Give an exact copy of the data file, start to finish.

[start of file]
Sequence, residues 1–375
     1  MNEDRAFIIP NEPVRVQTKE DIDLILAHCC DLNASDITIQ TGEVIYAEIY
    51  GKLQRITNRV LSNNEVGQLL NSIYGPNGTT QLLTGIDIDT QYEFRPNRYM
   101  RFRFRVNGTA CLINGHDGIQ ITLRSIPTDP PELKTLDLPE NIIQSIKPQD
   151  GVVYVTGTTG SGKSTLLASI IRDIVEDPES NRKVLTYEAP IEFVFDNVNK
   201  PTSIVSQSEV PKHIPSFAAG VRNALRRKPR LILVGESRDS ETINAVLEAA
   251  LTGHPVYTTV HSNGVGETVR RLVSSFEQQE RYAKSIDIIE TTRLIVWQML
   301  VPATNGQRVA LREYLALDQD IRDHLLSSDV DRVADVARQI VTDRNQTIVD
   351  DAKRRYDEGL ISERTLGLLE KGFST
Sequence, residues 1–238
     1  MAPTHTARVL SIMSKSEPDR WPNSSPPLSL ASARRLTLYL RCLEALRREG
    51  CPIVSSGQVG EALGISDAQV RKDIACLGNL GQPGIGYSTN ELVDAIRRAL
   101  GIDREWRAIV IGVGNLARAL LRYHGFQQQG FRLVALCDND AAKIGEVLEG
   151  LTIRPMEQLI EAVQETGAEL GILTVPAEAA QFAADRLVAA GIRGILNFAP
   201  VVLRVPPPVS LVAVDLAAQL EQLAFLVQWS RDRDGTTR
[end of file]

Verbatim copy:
Sequence, residues 1–375
     1  MNEDRAFIIP NEPVRVQTKE DIDLILAHCC DLNASDITIQ TGEVIYAEIY
    51  GKLQRITNRV LSNNEVGQLL NSIYGPNGTT QLLTGIDIDT QYEFRPNRYM
   101  RFRFRVNGTA CLINGHDGIQ ITLRSIPTDP PELKTLDLPE NIIQSIKPQD
   151  GVVYVTGTTG SGKSTLLASI IRDIVEDPES NRKVLTYEAP IEFVFDNVNK
   201  PTSIVSQSEV PKHIPSFAAG VRNALRRKPR LILVGESRDS ETINAVLEAA
   251  LTGHPVYTTV HSNGVGETVR RLVSSFEQQE RYAKSIDIIE TTRLIVWQML
   301  VPATNGQRVA LREYLALDQD IRDHLLSSDV DRVADVARQI VTDRNQTIVD
   351  DAKRRYDEGL ISERTLGLLE KGFST
Sequence, residues 1–238
     1  MAPTHTARVL SIMSKSEPDR WPNSSPPLSL ASARRLTLYL RCLEALRREG
    51  CPIVSSGQVG EALGISDAQV RKDIACLGNL GQPGIGYSTN ELVDAIRRAL
   101  GIDREWRAIV IGVGNLARAL LRYHGFQQQG FRLVALCDND AAKIGEVLEG
   151  LTIRPMEQLI EAVQETGAEL GILTVPAEAA QFAADRLVAA GIRGILNFAP
   201  VVLRVPPPVS LVAVDLAAQL EQLAFLVQWS RDRDGTTR